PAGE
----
This is potentially about adverse possession or a prescriptive easement.
If someone has used a piece of land without consent and without objection and not in secret for more than 10 years if the land is registered at the Land Registry (12 years if unregistered) they are entitled to have the land registered as their own under the doctrine of Adverse Possession.
Any known owner would be contacted by the Land Registry and an application is made by the possessor and they would be allowed to dispute the application.
Any disputed application is passed onto the Land Tribunal who will decide the issue based upon the evidence.
The has to be an intention to possess the land and it has to be occupied to the exclusion of others which means that fencing is off or possessing it and excluding others in some way is almost essential.
Whilst someone claiming adverse possession will very often have occupied the land for far in excess of the requisite period, it’s very often the case that they have no proof of when they first started to occupy and use the land.
If it was not occupied to the exclusion of others but merely used for a period, then the person using it cannot claim adverse possession but may be able to claim an easement if they can prove 20 years use without consent or objection is not in secret. That application for an easement (such as a right-of-way) would be made under the Prescription Act.
It’s also worth noting that if someone has an easement already over a piece of land, and they fence it off and exclude others, and do so in excess of the requisite period, they cannot claim adverse possession because their possession cannot be adverse if the access was originally by consent as a result of an existing easement.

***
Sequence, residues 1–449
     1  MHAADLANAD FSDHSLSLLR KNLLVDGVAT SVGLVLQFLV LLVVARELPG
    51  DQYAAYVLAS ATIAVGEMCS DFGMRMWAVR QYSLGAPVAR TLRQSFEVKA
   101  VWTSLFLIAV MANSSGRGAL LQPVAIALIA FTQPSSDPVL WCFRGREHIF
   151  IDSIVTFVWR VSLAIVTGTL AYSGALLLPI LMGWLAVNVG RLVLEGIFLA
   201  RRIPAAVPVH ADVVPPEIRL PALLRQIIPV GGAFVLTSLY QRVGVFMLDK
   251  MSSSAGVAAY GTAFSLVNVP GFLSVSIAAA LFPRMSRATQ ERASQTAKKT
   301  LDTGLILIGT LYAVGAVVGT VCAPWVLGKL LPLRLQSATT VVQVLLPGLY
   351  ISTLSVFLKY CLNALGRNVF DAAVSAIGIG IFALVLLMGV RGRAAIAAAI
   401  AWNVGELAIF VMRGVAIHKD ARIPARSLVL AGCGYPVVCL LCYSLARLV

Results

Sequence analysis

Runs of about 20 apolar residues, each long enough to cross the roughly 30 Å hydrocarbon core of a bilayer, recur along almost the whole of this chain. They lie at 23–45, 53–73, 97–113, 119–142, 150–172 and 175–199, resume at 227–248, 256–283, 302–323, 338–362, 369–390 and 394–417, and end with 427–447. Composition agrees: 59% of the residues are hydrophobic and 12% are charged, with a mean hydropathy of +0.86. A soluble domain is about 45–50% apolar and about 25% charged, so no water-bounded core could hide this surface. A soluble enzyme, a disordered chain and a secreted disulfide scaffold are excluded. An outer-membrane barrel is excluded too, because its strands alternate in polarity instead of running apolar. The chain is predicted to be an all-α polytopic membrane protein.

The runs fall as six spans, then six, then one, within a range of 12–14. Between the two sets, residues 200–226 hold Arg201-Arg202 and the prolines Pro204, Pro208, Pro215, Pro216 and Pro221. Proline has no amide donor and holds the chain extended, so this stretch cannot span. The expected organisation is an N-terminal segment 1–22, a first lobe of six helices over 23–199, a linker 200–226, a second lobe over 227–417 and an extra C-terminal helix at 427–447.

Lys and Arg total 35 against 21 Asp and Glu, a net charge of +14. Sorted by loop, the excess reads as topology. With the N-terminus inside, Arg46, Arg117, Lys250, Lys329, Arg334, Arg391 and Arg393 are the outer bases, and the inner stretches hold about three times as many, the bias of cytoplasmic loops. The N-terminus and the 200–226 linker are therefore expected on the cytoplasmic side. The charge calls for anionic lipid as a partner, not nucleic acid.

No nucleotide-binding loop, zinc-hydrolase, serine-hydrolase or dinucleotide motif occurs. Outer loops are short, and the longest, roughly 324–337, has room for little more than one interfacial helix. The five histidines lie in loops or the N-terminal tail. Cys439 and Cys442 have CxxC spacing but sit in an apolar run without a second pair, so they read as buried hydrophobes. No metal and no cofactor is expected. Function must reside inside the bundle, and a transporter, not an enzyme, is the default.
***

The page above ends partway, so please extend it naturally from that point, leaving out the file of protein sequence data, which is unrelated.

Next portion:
The time periods are not just in respect of the current owner but the periods of the current owner and all the previous owners are added together.
So it depends how long the next door neighbour has used this piece of land and whether he has just used it or used it exclusively. If it’s more than 10 years exclusively, then he can claim the land as his own or if it’s more than 20 years that he has used it when he can claim an easement by prescription.
All of that is on the strict understanding that he was never given consent to do this in the first place and he just did it.
It is often the case that a robustly worded letter from a/your solicitor threatening a court application and an application for costs, may resolve the issue without the need to go as far as court.
On your house insurance you may have legal expenses cover that would pay for the legal cost so it’s worthwhile checking. Some do and some don't.
Thank you for letting me assist you with your legal question. I am glad that I was able to help.
I am not certain whether that answers the question for you or not, but I am happy to answer any specific points arising from this.
It will be my pleasure to help you again either further with this or any future questions you have